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Spirit in Education Movement in Burma

Grassroots Leadership Training for Peoples from Burma

(Un mouvement d’éducation spirituelle en Birmanie)

Jane RABASH, Pracha HUTANUWATR

06 / 1999

Burma is in a unique position in development. The country has been closed for many years and is now awakening and opening her eyes in amazement to the rapidly changing world. Structural violence at the grassroots level is severe. Agricultural produce and natural resources flow out from the indigenous villages through a variety of exploitative means leaving the villagers with not enough for basic needs and constantly caught up in a cycle of debt. It is crucial that the peoples of Burma develop a critical understanding of the present world situation in S.E. Asia and further afield as well as tools to analyze their local situaltion. Thailand and the Philippines are nearby examples of how the natural, cultural and physical environment is damaged by mainstream development and a consumer culture. In an attempt to prepare some of the peoples of Burma for the inevitable challenges that come in the wake of thirty years of ethnic conflict and with the onslaught of development, Spirit in Education Movement (SEM)embarked on an annual three month training programme based at Wongsanit Ashram, Thailand that aspires to facilitate a vision and the knowledge for alumni to return to their societies and build up grassroots community development activities. Participants all have a commitment for social change work and many are community leaders running small projects often associated with the church. The pilot course in 1996 was for Kachin participants of the Baptist faith. Later courses, again mainly Baptist, included participants from ethnic groups of Mon, Lisu, Wah, Kachin, Karen, Lahu and Shan. In the long term SEM aspires to include Burman’s and Buddhists and to run regular inter-ethnic, inter-religious courses for other oppressed groups in the region.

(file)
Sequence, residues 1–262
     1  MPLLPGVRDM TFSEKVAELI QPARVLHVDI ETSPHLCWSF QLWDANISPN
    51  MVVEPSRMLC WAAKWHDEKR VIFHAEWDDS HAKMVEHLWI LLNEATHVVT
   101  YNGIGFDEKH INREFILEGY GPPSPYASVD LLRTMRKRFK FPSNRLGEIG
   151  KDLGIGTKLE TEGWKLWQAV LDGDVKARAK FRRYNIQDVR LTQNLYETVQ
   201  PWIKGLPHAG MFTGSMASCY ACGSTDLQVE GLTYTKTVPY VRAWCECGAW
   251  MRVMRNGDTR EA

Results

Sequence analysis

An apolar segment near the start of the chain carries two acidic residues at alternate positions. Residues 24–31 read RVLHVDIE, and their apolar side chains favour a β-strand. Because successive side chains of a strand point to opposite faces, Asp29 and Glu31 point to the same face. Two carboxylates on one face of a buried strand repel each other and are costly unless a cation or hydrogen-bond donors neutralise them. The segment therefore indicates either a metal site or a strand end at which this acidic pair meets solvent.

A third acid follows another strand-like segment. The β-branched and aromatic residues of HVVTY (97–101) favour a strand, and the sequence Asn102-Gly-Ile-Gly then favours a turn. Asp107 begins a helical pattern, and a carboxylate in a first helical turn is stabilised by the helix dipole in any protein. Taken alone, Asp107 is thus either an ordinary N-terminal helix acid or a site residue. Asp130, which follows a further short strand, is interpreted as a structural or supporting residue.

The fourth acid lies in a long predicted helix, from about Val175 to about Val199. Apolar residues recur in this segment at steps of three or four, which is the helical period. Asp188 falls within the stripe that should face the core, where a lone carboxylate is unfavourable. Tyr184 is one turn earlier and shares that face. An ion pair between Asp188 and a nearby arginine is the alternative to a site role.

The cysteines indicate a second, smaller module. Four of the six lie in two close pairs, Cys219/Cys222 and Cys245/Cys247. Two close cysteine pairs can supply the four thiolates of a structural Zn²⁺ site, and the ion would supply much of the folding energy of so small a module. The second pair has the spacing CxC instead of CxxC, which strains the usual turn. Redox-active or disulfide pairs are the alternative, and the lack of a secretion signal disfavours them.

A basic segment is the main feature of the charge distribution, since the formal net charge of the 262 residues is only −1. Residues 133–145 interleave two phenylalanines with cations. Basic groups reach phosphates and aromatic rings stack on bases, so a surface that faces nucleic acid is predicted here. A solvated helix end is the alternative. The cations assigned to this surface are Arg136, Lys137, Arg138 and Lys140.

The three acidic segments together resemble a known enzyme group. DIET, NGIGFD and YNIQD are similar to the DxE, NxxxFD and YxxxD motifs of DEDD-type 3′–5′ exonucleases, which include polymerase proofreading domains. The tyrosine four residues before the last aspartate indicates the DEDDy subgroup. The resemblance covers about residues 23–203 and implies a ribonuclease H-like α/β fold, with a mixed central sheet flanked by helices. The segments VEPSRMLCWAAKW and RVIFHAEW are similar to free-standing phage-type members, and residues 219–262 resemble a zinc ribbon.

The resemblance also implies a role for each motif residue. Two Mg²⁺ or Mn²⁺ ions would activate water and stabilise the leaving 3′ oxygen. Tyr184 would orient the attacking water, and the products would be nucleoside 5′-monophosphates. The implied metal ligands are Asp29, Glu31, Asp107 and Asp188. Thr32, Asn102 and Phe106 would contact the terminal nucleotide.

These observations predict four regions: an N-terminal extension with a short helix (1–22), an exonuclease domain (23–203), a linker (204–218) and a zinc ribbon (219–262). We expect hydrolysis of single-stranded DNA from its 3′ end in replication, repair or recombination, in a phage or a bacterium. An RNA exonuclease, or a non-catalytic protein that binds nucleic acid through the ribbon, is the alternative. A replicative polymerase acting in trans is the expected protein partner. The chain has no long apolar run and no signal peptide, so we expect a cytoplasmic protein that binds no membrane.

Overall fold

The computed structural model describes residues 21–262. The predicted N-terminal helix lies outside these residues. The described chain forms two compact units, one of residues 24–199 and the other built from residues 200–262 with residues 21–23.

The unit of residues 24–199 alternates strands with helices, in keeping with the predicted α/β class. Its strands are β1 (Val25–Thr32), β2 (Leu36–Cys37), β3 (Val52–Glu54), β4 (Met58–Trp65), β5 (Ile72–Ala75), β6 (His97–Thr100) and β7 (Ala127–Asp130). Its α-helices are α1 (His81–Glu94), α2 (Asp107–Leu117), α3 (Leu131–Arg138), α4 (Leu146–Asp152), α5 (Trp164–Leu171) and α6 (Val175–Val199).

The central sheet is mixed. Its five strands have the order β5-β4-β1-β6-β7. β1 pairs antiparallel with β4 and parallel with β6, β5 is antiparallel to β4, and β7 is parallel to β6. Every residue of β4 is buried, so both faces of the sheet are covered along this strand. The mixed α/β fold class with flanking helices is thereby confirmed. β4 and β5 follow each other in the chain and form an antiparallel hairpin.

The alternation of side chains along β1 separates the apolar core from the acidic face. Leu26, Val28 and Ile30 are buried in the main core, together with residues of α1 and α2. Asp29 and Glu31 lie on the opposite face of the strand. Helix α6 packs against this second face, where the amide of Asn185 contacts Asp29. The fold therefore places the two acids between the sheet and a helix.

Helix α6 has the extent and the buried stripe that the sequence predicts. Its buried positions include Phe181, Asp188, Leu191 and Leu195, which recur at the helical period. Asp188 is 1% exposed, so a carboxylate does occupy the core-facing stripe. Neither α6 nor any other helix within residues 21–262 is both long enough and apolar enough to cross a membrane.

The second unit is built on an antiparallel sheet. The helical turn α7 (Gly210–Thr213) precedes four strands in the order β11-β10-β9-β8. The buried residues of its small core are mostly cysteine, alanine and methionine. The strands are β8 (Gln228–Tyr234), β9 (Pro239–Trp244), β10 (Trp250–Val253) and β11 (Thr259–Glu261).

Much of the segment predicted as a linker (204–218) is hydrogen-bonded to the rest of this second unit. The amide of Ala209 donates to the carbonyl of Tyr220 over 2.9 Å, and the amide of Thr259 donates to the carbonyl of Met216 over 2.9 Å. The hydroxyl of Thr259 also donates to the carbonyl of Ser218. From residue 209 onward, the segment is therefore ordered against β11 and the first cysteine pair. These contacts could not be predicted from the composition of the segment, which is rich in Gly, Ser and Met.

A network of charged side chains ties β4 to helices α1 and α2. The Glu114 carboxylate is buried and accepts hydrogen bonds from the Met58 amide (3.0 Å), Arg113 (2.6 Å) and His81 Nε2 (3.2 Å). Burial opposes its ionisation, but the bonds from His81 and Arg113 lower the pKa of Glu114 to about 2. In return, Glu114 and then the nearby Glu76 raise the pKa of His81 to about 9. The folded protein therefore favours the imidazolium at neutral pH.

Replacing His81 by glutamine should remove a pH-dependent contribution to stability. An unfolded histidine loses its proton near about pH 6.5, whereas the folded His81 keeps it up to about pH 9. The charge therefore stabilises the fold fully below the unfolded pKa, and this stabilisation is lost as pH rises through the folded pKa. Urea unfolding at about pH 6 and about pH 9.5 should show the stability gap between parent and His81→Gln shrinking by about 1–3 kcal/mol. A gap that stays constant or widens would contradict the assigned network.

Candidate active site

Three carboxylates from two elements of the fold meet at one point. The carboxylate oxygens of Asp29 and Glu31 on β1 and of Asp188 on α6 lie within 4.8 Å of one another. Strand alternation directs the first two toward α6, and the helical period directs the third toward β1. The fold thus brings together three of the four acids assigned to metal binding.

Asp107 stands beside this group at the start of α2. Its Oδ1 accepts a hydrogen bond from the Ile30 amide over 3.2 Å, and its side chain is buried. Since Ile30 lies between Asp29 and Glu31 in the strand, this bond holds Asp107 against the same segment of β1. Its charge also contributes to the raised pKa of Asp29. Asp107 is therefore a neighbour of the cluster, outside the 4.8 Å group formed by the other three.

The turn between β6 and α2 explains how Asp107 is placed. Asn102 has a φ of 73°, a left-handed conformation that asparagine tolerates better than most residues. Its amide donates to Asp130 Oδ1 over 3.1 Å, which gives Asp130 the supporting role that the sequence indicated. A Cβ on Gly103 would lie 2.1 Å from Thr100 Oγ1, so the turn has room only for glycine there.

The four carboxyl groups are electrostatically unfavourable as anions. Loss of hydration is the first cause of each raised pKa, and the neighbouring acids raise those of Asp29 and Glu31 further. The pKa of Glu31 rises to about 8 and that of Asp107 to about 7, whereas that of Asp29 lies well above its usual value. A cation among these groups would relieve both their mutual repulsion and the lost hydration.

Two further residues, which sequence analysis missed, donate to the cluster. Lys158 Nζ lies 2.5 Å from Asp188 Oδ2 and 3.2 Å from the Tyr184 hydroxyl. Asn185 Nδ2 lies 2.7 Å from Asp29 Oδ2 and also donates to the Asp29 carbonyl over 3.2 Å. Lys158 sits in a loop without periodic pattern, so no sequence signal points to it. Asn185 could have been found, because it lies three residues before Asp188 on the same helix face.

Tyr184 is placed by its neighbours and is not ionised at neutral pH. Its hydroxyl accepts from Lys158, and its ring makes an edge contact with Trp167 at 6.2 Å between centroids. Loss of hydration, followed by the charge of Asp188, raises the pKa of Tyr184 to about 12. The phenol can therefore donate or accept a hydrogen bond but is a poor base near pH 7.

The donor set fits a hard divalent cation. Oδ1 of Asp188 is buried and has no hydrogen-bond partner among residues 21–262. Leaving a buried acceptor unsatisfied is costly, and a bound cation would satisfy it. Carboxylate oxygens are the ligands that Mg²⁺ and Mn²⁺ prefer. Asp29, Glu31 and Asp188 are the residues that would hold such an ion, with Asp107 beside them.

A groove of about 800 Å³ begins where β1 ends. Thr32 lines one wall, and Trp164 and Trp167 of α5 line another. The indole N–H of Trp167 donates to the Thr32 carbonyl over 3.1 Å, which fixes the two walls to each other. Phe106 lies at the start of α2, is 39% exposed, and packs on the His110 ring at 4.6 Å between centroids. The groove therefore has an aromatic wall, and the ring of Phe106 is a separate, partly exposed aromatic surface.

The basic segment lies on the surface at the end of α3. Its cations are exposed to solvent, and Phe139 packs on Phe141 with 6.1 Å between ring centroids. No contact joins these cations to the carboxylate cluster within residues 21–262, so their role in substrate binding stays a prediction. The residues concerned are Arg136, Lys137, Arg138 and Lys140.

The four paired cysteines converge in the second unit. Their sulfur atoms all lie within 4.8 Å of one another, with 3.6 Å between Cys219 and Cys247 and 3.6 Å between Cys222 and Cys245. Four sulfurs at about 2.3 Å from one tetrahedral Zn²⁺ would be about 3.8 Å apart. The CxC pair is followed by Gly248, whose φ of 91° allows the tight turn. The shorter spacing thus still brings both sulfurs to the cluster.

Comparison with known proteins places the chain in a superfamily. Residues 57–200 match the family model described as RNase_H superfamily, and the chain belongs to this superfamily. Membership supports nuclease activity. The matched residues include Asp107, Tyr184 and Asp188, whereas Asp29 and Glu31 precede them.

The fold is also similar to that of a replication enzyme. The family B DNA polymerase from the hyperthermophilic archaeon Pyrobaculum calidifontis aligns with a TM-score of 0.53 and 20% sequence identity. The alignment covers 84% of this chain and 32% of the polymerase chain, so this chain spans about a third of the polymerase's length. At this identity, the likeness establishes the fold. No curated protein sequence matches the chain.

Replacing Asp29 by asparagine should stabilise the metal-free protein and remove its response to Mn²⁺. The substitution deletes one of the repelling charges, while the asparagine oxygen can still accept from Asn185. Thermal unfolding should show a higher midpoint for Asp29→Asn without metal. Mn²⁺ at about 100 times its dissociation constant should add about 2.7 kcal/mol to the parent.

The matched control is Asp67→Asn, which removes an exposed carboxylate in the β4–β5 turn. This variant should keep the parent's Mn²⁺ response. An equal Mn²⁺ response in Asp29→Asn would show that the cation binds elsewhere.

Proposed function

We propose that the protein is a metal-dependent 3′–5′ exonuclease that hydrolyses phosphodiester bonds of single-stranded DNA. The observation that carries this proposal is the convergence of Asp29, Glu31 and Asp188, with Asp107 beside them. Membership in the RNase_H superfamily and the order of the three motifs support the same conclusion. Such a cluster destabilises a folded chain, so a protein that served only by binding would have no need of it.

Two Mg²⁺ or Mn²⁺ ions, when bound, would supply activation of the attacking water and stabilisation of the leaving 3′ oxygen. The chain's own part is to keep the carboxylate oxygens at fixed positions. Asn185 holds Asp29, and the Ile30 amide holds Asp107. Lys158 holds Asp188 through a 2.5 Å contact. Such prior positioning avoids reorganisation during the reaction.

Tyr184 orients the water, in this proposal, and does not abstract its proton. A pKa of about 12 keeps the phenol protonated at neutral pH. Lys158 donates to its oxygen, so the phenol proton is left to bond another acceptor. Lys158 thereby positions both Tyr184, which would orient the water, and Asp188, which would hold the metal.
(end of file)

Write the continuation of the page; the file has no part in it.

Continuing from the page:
The training content is carefully designed in keeping with the SEM holistic education philosophy. Firstly, to give a clear idea on the negative and positive aspects of the current development models and to help participants develop their vision for a society they would like to build in the future in their communities.(Think globally). Secondly, to provide skills and inspiration to run grassroots community organisations and thirdly to encourage and integrate the participants’ strong spiritual and cultural wisdom as a base of their activities. (Act locally). The courses include intensive field studies in Thailand and the Philippines visiting NGOs and engaged spirituality projects operating in urban and rural sectors at grass roots level; intellectual debate with leading figures from the NGO world; deep ecology; community building; conflict resolution; participatory community study; project proposal writing; a retreat and internships in areas of special interest. There is an opportunity to learn from the mistakes, successes and challenges of neighbouring countries and to compare the Buddhist, Christian and secular contexts. In the final days of the 1996 training the Kachin participants came up with the following vision: